Zimbabwe’s National Social and Security Authority (NSSA) has always been accused of harbouring a lot of ghost accounts on its books among scores of other improprieties revealed in several audits. Lately, they embarked on a mission to rectify this anomaly but they seemed to have bungled it. Now their latest attempt to clean the books has sparked a massive outcry from pensioners whose accounts were mistakenly closed.
Rather than do an internal audit and try and determine which accounts were up to date and which were not NSSA seems to have decided to shift the burden onto the pensioners themselves. The agency asked pensioners to come and re-register with them. Unfortunately, due to lockdown restrictions, the bulk of those pensioners failed to meet the deadline to update their accounts on time.
Instead of extending this period or granting them an additional grace period, NSSA decided to be draconian. They went on to close accounts for those with deceased spouses who had not updated their details. The move has sparked a massive outcry as it leaves scores of widowers, widows and orphans in financial dire straits during the ongoing pandemic and just when schools are about to reopen.
NSSA closed accounts for those with deceased husbands and wives who could not register on time.
We were told we needed to bring our children regardless of where we are coming from. In this COVID-19 pandemic, movement is very difficult. How are people supposed to travel in this environment?
How are we supposed to register, they did not consider the inconveniences of travelling at such a time. NSSA should do outreach programmes so that everyone registers.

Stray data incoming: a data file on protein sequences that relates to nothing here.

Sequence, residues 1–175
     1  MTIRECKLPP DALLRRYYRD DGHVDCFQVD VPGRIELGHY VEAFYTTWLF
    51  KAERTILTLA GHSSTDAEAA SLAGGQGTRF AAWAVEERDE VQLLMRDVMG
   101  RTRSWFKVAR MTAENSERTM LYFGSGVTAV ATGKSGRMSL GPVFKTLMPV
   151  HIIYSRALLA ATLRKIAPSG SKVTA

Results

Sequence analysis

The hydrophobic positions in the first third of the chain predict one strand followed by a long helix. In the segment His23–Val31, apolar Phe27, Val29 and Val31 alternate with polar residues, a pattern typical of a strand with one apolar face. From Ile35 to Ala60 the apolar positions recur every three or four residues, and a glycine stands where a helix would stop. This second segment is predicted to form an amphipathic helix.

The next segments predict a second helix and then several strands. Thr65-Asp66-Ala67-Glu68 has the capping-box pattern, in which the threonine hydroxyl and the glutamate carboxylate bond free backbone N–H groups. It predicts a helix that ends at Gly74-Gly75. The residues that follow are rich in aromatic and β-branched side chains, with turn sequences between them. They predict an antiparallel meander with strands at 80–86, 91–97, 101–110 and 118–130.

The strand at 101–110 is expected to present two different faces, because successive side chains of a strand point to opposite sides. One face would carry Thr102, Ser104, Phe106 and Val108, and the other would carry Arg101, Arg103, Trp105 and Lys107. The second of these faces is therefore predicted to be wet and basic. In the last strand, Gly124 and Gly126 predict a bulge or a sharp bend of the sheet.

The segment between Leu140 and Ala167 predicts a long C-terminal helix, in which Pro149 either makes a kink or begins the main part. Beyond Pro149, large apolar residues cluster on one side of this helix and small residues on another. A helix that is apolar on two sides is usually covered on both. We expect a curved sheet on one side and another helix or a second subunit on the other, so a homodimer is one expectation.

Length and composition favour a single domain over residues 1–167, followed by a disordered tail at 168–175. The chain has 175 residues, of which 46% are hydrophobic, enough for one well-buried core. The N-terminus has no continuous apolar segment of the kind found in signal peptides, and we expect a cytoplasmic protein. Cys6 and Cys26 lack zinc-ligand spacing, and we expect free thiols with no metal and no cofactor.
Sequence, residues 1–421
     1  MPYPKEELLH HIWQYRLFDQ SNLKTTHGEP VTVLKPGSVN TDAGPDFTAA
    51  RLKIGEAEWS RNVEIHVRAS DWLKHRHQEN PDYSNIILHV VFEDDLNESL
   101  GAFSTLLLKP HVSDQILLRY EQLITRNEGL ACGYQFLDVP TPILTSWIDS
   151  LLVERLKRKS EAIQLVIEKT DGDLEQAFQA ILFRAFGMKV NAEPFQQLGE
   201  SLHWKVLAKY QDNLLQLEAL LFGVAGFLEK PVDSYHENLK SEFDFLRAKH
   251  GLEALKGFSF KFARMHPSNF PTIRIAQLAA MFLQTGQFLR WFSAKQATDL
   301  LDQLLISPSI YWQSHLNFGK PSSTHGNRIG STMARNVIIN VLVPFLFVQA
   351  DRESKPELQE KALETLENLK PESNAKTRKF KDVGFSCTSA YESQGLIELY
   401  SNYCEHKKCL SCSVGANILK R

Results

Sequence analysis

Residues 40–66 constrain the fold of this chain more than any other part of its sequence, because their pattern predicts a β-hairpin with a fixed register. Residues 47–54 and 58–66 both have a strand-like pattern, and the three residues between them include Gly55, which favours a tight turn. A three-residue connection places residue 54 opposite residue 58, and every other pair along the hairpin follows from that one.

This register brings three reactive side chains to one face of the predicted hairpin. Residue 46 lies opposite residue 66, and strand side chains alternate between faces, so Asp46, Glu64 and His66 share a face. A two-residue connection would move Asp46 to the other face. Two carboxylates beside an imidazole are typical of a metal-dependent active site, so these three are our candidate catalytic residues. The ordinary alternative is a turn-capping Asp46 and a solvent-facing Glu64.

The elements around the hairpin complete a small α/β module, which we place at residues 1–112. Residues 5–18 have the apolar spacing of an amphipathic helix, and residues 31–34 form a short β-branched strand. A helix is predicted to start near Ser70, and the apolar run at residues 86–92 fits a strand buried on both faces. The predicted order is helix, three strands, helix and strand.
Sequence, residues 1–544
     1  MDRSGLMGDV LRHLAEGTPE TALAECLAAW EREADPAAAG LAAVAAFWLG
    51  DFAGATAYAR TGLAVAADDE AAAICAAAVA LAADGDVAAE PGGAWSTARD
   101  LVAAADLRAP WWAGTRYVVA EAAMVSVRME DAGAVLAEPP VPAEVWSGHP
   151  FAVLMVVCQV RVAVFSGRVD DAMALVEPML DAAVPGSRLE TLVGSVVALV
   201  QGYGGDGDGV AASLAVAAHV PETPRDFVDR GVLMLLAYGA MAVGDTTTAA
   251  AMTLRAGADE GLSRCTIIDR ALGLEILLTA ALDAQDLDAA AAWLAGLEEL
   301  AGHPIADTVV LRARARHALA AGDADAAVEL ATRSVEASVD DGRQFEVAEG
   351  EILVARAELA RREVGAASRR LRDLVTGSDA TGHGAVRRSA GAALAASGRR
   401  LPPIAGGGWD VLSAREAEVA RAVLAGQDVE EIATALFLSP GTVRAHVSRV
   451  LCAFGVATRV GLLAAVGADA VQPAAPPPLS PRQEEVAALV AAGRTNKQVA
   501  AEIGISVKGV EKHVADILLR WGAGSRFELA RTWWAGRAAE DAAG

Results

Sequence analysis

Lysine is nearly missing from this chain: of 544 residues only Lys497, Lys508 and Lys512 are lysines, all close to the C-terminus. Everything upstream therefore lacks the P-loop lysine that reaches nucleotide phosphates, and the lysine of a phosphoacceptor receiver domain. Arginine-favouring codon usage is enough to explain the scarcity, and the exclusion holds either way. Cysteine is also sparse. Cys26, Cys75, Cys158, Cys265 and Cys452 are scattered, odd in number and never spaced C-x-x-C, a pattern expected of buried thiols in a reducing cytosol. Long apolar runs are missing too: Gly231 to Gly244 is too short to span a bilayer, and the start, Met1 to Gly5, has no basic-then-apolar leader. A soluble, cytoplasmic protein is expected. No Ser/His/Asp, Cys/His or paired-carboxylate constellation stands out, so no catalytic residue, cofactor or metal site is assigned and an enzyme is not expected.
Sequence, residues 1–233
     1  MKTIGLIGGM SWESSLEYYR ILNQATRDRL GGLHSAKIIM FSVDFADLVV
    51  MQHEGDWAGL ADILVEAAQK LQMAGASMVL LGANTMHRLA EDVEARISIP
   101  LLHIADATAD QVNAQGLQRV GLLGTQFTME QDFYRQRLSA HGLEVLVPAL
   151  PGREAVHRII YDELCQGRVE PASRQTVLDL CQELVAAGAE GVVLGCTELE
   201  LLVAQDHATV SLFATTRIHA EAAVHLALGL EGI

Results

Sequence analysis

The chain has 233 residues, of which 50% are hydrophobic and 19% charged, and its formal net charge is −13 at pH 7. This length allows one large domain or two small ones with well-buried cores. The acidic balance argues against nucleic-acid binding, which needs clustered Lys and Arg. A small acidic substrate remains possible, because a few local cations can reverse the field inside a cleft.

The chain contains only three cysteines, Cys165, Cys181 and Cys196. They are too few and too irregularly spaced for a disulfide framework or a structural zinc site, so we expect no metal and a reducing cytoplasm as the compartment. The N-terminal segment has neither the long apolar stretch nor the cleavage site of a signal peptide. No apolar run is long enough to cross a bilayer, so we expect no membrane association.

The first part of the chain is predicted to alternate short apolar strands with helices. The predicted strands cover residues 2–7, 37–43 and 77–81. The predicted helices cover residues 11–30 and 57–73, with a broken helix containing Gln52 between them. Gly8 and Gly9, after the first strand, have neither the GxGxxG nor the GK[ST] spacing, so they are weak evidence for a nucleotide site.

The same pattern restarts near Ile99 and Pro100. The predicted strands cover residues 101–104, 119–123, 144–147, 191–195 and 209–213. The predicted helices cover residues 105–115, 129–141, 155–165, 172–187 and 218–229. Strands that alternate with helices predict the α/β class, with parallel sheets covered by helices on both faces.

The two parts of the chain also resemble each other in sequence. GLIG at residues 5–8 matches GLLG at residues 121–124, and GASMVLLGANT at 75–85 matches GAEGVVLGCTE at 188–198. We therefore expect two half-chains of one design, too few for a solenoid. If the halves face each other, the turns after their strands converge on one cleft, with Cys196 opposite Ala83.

They just closed the accounts and said none will get money.Masvingo Pensioners Forum co-ordinator Charles Gonzi
Controversially it doesn’t seem like NSSA is backing down either. The agency defended itself saying they had started the exercise in April and June which means those affected had already been given ample time to update their details with them. They said they had made plenty of announcements on various platforms including newspapers, TV and radio channels. They also had set up various centres across the country which means that pensioners did not have to travel to the capital to update their details.
While NSSA feels like they went about this the right way they are being harsh here. National and large scale exercises like this involve a lot of people who might not get the message on time for various reasons not least of which is because of their remote locations. The agency itself should know this fact. They have millions of unclaimed pensions because some people don’t even know they are entitled to a pension at all.
Leaving the most vulnerable members of society destitute to prove a point hardly seems fair.